IMO 2020 fuel rules set to change ocean freight landscape


Monday, 18 March 2019


Low-sulphur regulations may trigger more slow steaming and transhipment and be ruinous for some container lines if they fail to recover more from customers than in the past, says Drewry.


Next year will be a pivotal year for the container shipping market, with the imminent the IMO 2020 low-sulphur fuel deadline set to trigger more slow steaming and transhipment - and be potentially disastrous for some container lines if they fail to recover enough of their cost increases from customers, according to industry analyst Drewry.


In its Container Insight Weekly briefing today, Drewry noted that failure to recover more of the fuel cost from customers than in the past, when it was estimated to be around 50%, “could be ruinous for some lines, many of which are still operating with highly distressed balance sheets”.


Drewry Supply Chain Advisors’ February whitepaper ‘IMO 2020 Low-sulphur Regulations’ offered some pointers to shippers regarding the new fuel regulation to use in their contract discussions with carriers, and previously launched an ‘IMO 2020 Cost Impact Calculator’ to assess the ramifications, with Drewry noting: “From what we hear, there is a general acceptance among shippers that they will have to pay more towards the fuel cost burden, although there are still a number of sticking points regarding the mechanics of how it should be done.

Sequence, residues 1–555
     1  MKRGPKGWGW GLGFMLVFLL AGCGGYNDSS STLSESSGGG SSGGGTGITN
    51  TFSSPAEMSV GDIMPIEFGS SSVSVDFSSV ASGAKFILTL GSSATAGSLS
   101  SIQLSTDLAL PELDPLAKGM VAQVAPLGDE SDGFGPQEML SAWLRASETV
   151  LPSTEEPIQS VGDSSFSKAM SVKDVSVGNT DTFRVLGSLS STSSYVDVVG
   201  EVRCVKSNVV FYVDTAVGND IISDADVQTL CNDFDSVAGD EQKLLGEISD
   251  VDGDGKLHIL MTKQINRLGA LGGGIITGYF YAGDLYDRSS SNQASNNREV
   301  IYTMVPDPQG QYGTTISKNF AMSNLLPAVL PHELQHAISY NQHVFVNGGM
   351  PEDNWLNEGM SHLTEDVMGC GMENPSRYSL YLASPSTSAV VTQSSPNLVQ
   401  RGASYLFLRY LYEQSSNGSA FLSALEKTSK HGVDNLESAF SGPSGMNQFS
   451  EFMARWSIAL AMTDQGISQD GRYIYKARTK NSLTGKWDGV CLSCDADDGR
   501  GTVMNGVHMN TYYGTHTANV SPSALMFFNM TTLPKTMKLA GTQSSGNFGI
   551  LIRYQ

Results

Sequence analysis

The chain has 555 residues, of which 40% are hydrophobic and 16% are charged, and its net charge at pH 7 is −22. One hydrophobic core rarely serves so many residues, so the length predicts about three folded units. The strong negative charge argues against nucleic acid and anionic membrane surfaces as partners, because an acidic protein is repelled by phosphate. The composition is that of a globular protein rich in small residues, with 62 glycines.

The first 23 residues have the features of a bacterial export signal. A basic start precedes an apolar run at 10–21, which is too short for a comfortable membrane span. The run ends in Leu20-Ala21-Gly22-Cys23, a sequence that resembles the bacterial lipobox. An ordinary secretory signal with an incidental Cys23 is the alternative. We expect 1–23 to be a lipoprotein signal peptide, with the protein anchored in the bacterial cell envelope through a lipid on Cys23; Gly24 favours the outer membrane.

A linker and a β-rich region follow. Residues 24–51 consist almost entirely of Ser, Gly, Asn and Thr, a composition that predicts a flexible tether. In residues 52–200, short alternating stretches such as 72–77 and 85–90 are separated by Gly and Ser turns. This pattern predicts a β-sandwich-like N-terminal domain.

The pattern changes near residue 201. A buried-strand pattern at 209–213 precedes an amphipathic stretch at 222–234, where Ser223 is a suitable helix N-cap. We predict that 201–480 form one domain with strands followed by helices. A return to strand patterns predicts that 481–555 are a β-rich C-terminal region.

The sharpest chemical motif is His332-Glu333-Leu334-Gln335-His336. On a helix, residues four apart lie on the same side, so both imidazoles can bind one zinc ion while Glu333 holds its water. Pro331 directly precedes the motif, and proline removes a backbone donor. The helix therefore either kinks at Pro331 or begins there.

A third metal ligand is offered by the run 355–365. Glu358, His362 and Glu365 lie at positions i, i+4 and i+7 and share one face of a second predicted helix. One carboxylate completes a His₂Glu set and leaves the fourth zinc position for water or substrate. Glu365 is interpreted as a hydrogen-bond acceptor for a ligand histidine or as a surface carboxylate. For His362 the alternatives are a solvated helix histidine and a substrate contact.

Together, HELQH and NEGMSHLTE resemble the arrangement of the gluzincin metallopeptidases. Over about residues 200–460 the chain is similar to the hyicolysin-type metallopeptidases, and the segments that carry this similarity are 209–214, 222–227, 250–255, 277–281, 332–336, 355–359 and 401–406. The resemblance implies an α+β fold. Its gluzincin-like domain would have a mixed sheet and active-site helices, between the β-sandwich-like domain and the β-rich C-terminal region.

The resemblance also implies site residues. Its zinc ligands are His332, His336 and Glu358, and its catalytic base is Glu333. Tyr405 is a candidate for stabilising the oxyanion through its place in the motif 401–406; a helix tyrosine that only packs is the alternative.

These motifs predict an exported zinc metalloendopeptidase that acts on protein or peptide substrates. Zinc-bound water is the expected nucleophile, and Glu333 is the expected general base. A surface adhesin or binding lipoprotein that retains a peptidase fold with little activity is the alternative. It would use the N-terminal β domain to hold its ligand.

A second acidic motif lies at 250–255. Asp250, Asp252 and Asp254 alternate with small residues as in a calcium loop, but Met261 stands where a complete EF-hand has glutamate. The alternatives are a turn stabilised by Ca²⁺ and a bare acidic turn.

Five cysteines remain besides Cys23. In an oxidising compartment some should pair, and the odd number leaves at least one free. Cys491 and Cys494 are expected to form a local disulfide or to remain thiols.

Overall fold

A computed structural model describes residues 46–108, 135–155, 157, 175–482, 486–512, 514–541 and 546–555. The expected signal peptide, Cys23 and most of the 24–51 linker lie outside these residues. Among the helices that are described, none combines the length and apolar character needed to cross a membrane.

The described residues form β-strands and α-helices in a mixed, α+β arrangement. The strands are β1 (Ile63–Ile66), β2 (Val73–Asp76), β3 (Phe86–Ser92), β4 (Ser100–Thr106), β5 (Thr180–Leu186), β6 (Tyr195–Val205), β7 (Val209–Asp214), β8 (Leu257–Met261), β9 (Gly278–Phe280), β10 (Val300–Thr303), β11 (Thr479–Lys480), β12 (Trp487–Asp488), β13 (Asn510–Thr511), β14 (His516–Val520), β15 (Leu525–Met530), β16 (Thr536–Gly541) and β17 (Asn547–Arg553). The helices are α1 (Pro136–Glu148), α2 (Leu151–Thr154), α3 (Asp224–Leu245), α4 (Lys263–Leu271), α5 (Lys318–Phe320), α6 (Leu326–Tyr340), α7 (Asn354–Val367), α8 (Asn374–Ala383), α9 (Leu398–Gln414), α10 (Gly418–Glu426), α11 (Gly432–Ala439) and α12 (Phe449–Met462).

“On the other side of the table, carriers will argue that a short-term win for shippers could quickly turn into a loss. It is something that shippers might want to consider during negotiations as any cost saving today might raise the likelihood of another carrier bankruptcy in the manner of Hanjin Shipping, causing unwanted chaos in the supply chain and further reducing the competition, thus increasing the risk of much higher rates at a later date.”


Drewry said the reality was that carriers’ fuel costs will start to differ to a considerable degree as the new fuels are pumped into their ships, with the variance to be largely driven by the type of fuel used. It highlighted a new report by the International Energy Agency (IEA) that suggests marine gasoil (MGO) will be the preferred option for shipowners across all maritime sectors from next year when the new 0.5% sulphur limit becomes law. Use of very low-sulphur fuel (VLSFO), which is expected to be cheaper at the outset, will gradually become more popular as concerns over the availability of blending materials dissipate, Drewry indicated.


The IEA said some shipping companies may also be reluctant to adopt a new fuel immediately and would prefer to use MGO until they have confidence that VLSFO will be easily available in ports and stable and compatible with similar grades, Drewry noted.


“Operators with a higher quota of ships fitted with scrubbers that are able to continue to use the cheaper high-sulphur fuel oil (HSFO) stand to make significant operating expense savings, after the initial retrofitting investment,” Drewry said. Last year, the premium between HSFO/IFO 380 and MGO at the port of Rotterdam was approximately $210 per tonne, it noted.


“Depending on their success in raising the fuel recovery rate, carriers will inevitably seek to mitigate the anticipated higher operating expenses. One potential side-effect from the new regulations could be greater slow-steaming and use of transhipment - the logic being that as ships sailing speed is reduced and round voyages are extended carrier s will drop ports from rotations to ensure that transit times to key points remain competitive.